(n.) A vessel for drawing up water from a well, or for catching, holding, or carrying water, sap, or other liquids.
(n.) A vessel (as a tub or scoop) for hoisting and conveying coal, ore, grain, etc.
(n.) One of the receptacles on the rim of a water wheel into which the water rushes, causing the wheel to revolve; also, a float of a paddle wheel.
(n.) The valved piston of a lifting pump.
(1) To be fair to lads who find themselves just a bus ride from Auschwitz, a visit to the camp is now considered by many tourists to be a Holocaust "bucket list item", up there with the Anne Frank museum, where Justin Bieber recently delivered this compliment : "Anne was a great girl.
(2) A single spin density gradient ultracentrifugation method in a swinging bucket rotor has been applied for the detection and isolation of low density lipoprotein (LDL) subfractions.
(3) Before you take out your bucket and spade, though, you might like to look at the sand sculpture festival (until 5 September; prices vary from day to day) for inspiration.
(4) So, they start to create these almost fictitious things they can sell, whether it’s a prime shelf [at the height a shopper is most likely to see] or a gondola end [the promotional buckets often found at the top of the aisle].
(5) In the Russian gallery, for example, the courageous Vadim Zakharov presents a pointed version of the Danaë myth in which an insouciant dictator (of whom it is hard not to think: Putin) sits on a high beam on a saddle, shelling nuts all day while gold coins rain down from a vast shower-head only to be hoisted in buckets by faceless thuggish men in suits.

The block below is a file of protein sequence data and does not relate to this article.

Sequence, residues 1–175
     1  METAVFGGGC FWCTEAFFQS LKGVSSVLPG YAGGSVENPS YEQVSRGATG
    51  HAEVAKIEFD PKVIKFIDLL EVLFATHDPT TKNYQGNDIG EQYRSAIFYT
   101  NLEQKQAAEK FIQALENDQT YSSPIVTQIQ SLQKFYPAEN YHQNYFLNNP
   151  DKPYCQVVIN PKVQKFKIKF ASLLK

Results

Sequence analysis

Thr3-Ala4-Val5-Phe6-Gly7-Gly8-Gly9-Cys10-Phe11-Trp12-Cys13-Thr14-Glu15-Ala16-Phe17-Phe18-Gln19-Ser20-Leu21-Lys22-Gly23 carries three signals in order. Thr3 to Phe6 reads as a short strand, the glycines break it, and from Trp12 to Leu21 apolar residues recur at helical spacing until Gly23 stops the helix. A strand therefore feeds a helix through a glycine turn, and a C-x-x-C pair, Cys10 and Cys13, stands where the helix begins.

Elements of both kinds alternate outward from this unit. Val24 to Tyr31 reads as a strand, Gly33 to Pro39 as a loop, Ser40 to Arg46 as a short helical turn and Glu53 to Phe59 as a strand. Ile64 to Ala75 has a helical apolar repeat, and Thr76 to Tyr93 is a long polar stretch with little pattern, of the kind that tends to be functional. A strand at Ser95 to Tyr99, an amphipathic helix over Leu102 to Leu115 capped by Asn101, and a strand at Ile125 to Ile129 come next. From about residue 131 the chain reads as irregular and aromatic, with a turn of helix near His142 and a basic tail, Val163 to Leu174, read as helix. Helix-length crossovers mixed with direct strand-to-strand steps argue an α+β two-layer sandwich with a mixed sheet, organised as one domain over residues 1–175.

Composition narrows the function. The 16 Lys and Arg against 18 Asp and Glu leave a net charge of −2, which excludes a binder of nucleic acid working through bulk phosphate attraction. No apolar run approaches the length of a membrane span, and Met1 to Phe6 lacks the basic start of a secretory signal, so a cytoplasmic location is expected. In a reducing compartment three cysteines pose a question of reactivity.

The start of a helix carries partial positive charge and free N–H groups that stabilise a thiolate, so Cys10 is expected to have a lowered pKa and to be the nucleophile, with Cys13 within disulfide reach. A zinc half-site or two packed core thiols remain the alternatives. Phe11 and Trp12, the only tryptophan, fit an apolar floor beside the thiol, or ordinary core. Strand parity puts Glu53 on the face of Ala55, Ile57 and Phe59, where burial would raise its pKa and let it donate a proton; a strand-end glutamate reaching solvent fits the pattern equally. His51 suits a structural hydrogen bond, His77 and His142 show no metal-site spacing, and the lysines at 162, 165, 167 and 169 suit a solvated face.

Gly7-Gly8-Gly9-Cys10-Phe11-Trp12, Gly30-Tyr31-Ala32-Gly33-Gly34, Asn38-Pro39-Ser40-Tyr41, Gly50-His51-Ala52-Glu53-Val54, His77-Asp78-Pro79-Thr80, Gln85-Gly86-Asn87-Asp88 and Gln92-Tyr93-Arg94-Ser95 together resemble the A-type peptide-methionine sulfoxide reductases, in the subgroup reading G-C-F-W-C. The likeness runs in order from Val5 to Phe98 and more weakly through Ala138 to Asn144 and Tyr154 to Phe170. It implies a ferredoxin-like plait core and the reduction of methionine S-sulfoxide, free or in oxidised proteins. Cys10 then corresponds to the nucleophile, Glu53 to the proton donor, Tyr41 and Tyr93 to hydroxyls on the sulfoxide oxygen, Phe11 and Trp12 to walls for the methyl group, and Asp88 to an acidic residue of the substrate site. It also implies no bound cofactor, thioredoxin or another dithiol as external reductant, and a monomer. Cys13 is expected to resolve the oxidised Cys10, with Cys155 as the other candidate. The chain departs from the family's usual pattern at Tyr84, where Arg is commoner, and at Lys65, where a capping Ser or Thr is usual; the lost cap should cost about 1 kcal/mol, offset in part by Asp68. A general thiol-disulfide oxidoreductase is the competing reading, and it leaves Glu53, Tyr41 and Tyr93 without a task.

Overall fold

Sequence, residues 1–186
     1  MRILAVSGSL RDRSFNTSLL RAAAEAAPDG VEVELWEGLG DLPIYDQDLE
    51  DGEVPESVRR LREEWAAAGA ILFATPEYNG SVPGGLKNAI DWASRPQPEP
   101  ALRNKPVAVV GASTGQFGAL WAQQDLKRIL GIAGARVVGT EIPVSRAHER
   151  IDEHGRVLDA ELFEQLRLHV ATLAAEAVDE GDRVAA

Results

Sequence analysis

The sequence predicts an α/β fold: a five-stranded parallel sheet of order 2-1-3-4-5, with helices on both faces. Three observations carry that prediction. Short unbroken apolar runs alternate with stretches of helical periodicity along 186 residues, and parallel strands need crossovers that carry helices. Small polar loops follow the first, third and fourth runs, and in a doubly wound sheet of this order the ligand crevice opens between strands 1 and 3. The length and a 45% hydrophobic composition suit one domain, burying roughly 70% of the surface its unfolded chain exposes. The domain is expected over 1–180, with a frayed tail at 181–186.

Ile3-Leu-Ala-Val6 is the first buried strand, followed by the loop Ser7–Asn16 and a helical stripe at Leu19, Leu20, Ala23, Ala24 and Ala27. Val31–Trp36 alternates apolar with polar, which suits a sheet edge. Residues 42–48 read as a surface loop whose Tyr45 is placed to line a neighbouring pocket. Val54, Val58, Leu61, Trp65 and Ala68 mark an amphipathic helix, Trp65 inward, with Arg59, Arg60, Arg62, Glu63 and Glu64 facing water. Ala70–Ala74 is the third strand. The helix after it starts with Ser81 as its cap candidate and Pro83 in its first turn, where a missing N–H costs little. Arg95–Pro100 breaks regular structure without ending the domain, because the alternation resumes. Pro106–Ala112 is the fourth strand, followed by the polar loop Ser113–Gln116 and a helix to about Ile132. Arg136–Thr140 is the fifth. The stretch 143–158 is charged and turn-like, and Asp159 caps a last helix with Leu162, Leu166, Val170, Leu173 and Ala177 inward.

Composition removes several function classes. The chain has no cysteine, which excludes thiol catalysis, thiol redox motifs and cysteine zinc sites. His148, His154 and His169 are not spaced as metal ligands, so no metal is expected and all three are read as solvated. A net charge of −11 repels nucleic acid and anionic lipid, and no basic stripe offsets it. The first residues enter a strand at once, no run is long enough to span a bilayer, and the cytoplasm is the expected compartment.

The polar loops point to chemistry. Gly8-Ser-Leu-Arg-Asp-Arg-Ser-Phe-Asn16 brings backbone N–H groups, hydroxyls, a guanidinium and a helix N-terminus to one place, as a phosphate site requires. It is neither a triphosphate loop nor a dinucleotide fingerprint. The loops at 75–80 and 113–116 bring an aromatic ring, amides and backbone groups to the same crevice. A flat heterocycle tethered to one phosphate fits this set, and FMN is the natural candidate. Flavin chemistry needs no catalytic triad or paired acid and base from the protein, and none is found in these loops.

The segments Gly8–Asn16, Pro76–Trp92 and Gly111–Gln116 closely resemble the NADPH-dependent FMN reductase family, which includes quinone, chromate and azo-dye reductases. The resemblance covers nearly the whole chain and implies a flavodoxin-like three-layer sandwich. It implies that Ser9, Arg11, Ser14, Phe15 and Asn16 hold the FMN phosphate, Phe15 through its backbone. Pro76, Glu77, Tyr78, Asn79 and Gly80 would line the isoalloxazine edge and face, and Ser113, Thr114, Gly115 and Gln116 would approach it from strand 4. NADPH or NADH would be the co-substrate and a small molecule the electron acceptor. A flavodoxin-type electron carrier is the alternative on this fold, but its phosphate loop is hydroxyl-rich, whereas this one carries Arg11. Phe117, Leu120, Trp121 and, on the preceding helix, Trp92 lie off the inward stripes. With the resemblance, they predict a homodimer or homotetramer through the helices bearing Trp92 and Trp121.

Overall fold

(6) In the 1990s, when the Sun enjoyed unparalleled influence, its editor Kelvin Mackenzie could tell the prime minister John Major that he was about to pour "a large bucket of shit" over him.
(7) One by one, the rain having slowed, the men turn the bucket's plastic tap and douse their hands in the life-saving water.
(8) Here's one entry: 1995: The government is full of jack-booted thugs in bucket helmets.
(9) Patient expectations for independence, comfort, and cosmesis have been disappointed with traditional bucket designs.
(10) Leaving aside the fact that in the real world, after a lifetime of buckets, there’s a fair chance Andy would be missing a foot, what’s even more jarring is that KFC would actually try to use the fraught process of foster care to make even more money.
(11) They have buckets and trowels as they're going clamming, and Popeye leaves first, navigating the sand with a gratifyingly bandy gait.
(12) ‘Dysfunctional’ ABC management slammed Trevor Bormann, last year’s Walkley winner for Foreign Correspondent’s “Prisoner X” scoop, has dumped a bucket on ABC news management on the way out the door.
(13) Could they not, I wondered, stop pouring buckets of warm sympathy over their customers, and actually tell us what was happening?